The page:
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Kellogg reaches tentative agreement with striking union workers
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Kellogg reaches tentative agreement with striking union workers

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[NFA] Thousands of unionized workers are striking across the U.S., demanding higher pay, as rising prices and labor shortages squeeze American employers. This report produced by Zachary Goelman.

Kellogg Co. announced Thursday that it has reached a tentative agreement with striking union workers at the company’s cereal manufacturing plants.

Dan Osborn, president of the Omaha chapter of the Bakery, Confectionary, Tobacco Workers and Grain Millers International Union, confirmed Thursday that union members will vote on the five-year labor deal Sunday.

The vote will occur on the two-month strike anniversary for 1,400 workers, including about 480 in Omaha, at the company’s cereal manufacturing plants in Omaha; Battle Creek, Michigan; Lancaster, Pennsylvania; and Memphis, Tennessee.

Union workers have been on strike since Oct. 5 following the expiration of the previous collective bargaining agreement with the company.

The tentative agreement addresses the two-tiered system of wages that had been a sticking point for the union. The system gives newer workers less pay and fewer benefits and it includes up to 30% of the workforce at the plants.

According to Kellogg, one of the provisions of the agreement includes 3% wage increases for so-called "legacy" employees and cost of living adjustments thereafter.

Wage increases also are included for transitional employees — meaning those who were hired after the previous agreement was reached in 2015. Those who have been with the company for four or more years would immediately graduate to the "legacy" tier. The company said additional workers would move up in the later years of the contract.

Under the previous collective bargaining agreement, Osborn said new union employees at Kellogg’s started with an hourly wage of about $19.50 with no guaranteed pay raises based on the number of years of employment. Under the proposal, new hires would make a starting wage of $22.76, which includes a $1.80 cost of living adjustment.

The $22.76 starting wage represents a 16.7% increase over the previous starting wage. In each subsequent year, transitional employees would get a 90-cent pay raise.

480 Kellogg employees in Omaha still on strike as union rejects company's final offer

The proposed contract also maintains workers' current health benefits, the company said.

Based on what he’s seen, and noting he hasn’t yet parsed the proposed deal with the negotiating team, Osborn, who has worked as a mechanic for 18 years at the Omaha plant, views the deal as a mixed bag. He said employees who specialize in skilled trades, namely mechanics and electricians, didn’t get the raises originally sought.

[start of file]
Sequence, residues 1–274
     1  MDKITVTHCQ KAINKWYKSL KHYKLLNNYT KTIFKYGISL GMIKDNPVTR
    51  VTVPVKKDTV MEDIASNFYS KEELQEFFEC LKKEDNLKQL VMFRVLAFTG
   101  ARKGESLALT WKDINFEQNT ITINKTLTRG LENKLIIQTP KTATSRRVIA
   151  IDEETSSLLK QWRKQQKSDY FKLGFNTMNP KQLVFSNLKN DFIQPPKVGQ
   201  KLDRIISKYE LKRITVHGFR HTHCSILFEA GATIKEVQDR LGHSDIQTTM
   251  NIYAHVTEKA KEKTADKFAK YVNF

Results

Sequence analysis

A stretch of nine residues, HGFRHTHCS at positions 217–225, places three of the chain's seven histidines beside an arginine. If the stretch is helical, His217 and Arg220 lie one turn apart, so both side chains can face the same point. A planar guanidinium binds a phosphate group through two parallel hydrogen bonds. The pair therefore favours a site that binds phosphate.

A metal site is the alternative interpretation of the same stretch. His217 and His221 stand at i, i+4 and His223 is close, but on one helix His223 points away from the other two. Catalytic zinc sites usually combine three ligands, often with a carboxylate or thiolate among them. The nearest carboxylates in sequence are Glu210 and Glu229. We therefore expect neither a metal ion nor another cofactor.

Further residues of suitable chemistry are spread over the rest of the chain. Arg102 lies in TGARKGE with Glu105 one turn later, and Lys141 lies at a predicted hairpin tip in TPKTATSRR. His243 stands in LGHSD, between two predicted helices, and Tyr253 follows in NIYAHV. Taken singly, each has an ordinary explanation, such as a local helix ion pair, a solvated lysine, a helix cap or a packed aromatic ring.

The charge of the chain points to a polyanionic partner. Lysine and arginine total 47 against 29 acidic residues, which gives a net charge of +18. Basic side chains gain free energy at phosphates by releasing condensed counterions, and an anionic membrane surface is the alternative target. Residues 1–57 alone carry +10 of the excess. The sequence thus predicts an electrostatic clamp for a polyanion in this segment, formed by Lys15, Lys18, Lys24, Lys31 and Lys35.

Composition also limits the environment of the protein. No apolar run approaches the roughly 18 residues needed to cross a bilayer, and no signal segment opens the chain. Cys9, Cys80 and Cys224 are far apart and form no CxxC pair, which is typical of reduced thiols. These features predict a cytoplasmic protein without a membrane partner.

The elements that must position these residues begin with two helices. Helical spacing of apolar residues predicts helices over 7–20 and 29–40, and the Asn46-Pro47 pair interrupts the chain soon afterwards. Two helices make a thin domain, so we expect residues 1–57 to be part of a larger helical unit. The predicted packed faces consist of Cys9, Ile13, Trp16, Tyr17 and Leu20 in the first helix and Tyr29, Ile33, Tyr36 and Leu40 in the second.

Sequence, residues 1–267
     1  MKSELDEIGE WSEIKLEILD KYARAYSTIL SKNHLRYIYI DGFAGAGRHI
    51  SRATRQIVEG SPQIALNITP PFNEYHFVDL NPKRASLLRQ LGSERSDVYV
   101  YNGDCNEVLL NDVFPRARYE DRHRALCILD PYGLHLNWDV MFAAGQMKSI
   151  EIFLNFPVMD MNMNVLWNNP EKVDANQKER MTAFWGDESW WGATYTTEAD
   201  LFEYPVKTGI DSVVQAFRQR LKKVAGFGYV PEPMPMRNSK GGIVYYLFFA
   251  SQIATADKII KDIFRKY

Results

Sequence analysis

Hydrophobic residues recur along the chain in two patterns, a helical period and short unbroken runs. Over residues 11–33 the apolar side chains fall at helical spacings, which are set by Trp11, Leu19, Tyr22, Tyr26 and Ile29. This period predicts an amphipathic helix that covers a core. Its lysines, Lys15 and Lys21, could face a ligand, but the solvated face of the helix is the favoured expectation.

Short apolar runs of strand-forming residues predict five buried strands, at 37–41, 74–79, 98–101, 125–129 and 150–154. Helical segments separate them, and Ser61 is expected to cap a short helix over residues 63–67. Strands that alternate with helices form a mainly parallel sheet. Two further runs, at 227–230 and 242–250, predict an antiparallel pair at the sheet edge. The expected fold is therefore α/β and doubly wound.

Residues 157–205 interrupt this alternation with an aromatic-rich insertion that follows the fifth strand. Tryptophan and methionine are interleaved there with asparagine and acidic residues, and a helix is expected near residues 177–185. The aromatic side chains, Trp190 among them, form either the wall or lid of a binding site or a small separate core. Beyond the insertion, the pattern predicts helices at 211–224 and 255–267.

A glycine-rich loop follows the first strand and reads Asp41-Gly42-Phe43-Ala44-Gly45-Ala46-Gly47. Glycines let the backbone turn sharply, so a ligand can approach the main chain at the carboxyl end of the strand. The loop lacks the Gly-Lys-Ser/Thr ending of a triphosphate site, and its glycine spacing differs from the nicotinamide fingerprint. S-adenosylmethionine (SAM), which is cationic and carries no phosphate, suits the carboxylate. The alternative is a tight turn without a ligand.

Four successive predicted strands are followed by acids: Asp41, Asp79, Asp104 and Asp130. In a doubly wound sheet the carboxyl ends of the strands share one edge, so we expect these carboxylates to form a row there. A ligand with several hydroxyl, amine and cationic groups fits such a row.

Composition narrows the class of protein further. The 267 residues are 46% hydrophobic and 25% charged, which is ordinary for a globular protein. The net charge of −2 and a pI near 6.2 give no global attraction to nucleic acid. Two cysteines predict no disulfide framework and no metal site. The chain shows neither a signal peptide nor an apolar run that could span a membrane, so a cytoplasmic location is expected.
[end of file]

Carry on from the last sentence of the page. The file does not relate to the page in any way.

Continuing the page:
“That concerns me because I know at the plant level we’ve struggled being able to fill our numbers with trades people,” he said. “That leaves us short and that causes a problem when it comes to production and having enough people to work on the machinery.”

Osborn said he knows of three electricians and a couple of mechanics who won’t return to the Kellogg plant located at 9601 F St. because they found other jobs.

Osborn also has questions about the two-tiered system as modified in the proposal.

“It looks like they’re basing everything off of a headcount. It does provide a clear path for transitionals to move into the upper tier,” he said. “It looks like, on average, it should be about 15 people a year who move up. If you’re just getting hired and you have 150 people above you, it’s still going to take you a considerable amount of time to move up.”

The union held out for higher wages after employees worked long hours over the past 18 months to keep up with demand during the coronavirus pandemic. Workers believed that the ongoing widespread worker shortages across the country gave them an advantage in the negotiations.

The Federal Mediation and Conciliation Service was involved in the latest round of negotiations between Kellogg’s and the union.

Until a proposed contract is ratified, Osborn said striking workers will continue to picket outside the plant. If the proposal is ratified, Osborn said there will be a transition period of less than a week before union employees return to work.

The transition period will include the company no longer using replacement workers and striking workers to take down the enclosures they have set up around the plant.

In another recent strike, more than 10,000 Deere workers secured 10% raises and improved benefits before returning to work last month.

This report includes material from The Associated Press.


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